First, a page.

New Delhi: Five years after a man from Meerut in Uttar Pradesh posted a morphed photo of Prime Minister Narendra Modi on Facebook, he was arrested by the police and charged with sedition on Thursday.
This is not the first case where a person has been arrested under the sedition law in Uttar Pradesh. Ever since the Adityanath-led Bharatiya Janata Party (BJP) government came to power in UP in March 2017, at least 150 cases of sedition have been reported across the state and half-a-dozen persons arrested in Saharanpur, Meerut, Gautam Buddh Nagar, Varanasi, Pratapgarh, Ballia, Bahraich, Basti and Ghaziabad.
In most of these cases, the ‘crime’ is the same — sharing “offensive’, “objectionable”, "inflammatory" and “defamatory” content on social media, including criticisim of late prime minister Atal Bihari Vajpayee, or ridiculing Modi, Adityanath or Rashtriya Swayamsevak Sangh chief Mohan Bhagwat.
According to media reports, Faham Azim Siddiqui, a native of Incholi village of Meerut district, was arrested on Thursday under the Information Technology Act, 2000 and Section 124 A (sedition) of Indian Penal Code (IPC). He was arrested on the basis of a complaint filed by one Pankaj Bhardwaj who alleged that a morphed picture of PM Modi was shared on social media.
"Police have arrested a man for sharing objectionable posts on PM Modi. The accused had shared objectionable posts on Prime Minister Narendra Modi. He has been sent to jail under the IT Act. He also has a criminal record. A case against the individual has been registered under the IT Act and IPC Section 124 A, which includes activities against the government. But we can only take action under 124 A after due approval from the government," Meerut Superintendent of Police (Rural) Avinash Pandey was quoted as saying by local media.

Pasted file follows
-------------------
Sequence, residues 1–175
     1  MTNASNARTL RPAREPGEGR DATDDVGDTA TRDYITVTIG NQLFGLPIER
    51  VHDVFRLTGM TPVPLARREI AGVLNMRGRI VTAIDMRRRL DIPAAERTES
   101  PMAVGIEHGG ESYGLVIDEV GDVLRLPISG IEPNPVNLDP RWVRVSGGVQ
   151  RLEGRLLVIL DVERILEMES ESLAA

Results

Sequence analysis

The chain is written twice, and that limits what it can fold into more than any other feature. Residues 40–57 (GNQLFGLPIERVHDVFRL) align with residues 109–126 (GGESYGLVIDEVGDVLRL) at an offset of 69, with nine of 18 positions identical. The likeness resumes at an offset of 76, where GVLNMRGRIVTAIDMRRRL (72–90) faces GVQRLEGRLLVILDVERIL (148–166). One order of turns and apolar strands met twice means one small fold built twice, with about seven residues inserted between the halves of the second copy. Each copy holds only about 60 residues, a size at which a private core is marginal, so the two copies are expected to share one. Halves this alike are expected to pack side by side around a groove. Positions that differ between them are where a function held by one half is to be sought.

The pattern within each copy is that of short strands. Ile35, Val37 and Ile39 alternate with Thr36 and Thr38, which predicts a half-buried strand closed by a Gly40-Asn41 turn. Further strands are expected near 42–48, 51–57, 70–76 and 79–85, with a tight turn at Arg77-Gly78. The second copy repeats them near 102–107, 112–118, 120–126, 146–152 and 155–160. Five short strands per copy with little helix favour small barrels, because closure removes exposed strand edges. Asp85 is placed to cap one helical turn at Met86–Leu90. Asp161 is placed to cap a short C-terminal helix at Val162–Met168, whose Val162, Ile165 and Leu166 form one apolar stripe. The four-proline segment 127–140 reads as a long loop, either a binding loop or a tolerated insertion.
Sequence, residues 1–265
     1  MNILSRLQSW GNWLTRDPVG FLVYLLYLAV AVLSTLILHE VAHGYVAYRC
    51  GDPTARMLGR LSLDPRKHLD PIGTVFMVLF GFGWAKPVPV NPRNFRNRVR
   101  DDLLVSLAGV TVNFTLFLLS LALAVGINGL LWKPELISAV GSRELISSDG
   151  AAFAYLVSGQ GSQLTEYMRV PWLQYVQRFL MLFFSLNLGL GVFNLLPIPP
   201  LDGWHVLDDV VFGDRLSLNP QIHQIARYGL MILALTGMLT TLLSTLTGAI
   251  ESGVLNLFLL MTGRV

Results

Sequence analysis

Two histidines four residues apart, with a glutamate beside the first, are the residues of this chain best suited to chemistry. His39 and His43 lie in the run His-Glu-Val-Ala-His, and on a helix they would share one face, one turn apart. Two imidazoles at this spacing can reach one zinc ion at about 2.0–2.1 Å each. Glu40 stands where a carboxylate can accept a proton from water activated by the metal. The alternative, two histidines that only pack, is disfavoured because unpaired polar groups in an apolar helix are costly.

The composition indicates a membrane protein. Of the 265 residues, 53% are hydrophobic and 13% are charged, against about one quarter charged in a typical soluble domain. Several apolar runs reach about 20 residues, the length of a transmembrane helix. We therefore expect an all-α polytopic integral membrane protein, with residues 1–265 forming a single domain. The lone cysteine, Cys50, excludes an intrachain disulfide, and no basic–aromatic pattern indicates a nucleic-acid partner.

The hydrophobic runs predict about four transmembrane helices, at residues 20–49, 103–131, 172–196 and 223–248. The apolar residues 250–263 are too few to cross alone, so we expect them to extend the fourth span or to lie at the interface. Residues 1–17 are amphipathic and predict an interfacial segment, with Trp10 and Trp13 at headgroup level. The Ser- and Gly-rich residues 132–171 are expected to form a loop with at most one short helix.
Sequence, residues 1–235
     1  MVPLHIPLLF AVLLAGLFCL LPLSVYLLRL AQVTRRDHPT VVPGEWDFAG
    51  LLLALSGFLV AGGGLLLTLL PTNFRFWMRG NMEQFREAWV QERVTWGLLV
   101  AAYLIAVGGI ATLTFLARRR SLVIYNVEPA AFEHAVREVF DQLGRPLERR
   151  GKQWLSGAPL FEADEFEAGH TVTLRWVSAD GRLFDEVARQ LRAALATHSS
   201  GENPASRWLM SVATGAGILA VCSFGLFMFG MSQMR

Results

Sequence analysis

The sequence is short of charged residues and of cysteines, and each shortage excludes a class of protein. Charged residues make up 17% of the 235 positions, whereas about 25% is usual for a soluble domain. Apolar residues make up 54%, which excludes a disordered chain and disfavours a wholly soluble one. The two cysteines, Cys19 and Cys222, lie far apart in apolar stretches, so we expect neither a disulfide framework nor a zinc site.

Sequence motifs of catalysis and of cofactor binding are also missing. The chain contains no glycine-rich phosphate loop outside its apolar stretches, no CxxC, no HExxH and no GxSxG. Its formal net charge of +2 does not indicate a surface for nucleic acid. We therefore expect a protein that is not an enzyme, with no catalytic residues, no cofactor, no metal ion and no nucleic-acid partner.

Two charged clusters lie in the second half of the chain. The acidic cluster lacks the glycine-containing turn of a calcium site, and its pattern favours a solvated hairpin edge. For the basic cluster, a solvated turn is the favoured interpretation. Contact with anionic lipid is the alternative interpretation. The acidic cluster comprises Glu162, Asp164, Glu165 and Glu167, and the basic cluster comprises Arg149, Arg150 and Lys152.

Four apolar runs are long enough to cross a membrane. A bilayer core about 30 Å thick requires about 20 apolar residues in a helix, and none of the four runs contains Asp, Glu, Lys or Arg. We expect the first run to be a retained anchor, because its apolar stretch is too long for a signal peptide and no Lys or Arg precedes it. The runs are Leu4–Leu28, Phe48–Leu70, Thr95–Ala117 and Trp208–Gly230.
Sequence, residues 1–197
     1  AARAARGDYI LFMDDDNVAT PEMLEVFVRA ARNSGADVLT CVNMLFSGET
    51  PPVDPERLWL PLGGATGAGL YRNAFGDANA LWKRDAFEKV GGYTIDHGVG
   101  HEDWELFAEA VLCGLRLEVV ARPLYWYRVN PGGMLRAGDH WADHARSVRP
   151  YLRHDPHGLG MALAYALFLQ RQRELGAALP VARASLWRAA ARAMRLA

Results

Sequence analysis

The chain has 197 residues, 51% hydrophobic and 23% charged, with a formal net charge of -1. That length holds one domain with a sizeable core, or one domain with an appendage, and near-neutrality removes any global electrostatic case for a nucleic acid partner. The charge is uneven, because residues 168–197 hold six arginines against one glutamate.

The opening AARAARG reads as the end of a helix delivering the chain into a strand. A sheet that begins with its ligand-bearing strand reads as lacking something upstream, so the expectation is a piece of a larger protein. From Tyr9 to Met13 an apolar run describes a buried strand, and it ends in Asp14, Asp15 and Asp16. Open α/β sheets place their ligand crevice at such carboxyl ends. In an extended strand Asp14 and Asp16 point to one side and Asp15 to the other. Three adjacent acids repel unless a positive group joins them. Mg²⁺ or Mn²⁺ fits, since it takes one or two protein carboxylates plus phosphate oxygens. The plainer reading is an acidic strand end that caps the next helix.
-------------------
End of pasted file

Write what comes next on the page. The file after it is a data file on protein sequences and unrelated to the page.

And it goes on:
Meanwhile, Muhammad Albab, a relative of Siddiqui's, rubbished the police allegations. He told Newsclick, "Faham has not shared anything objectionable against PM Modi in recent times. It is an old case of 2014. He had shared a picture of Modi with objectionable content on Facebook in 2014 but Meerut police arrested him on Thursday after five years,” alleging that Siddiqui was arrested due to “huge pressure” on police by few local BJP leaders.
On the UP police’s claim that Siddiqui also had a criminal background, Albab said: "Ten years ago, he had some fight with his neighbours and he shot a person with his father's gun, but that matter was sorted out few years later. He was arrested for his alleged inflammatory Facebook post which he did not share since 2014."
Earlier, a 19-year-old youth in Shahjahanpur district was slapped with sedition charges, arrested and sent to jail for allegedly posting ‘anti-national content’ on his Facebook wall. In a similar case, at least 14 students of Aligarh Muslim University were charged with sedition after some students and a TV channel crew had an altercation over reports of a visit by AIMIM lawmaker Asaduddin Owaisi.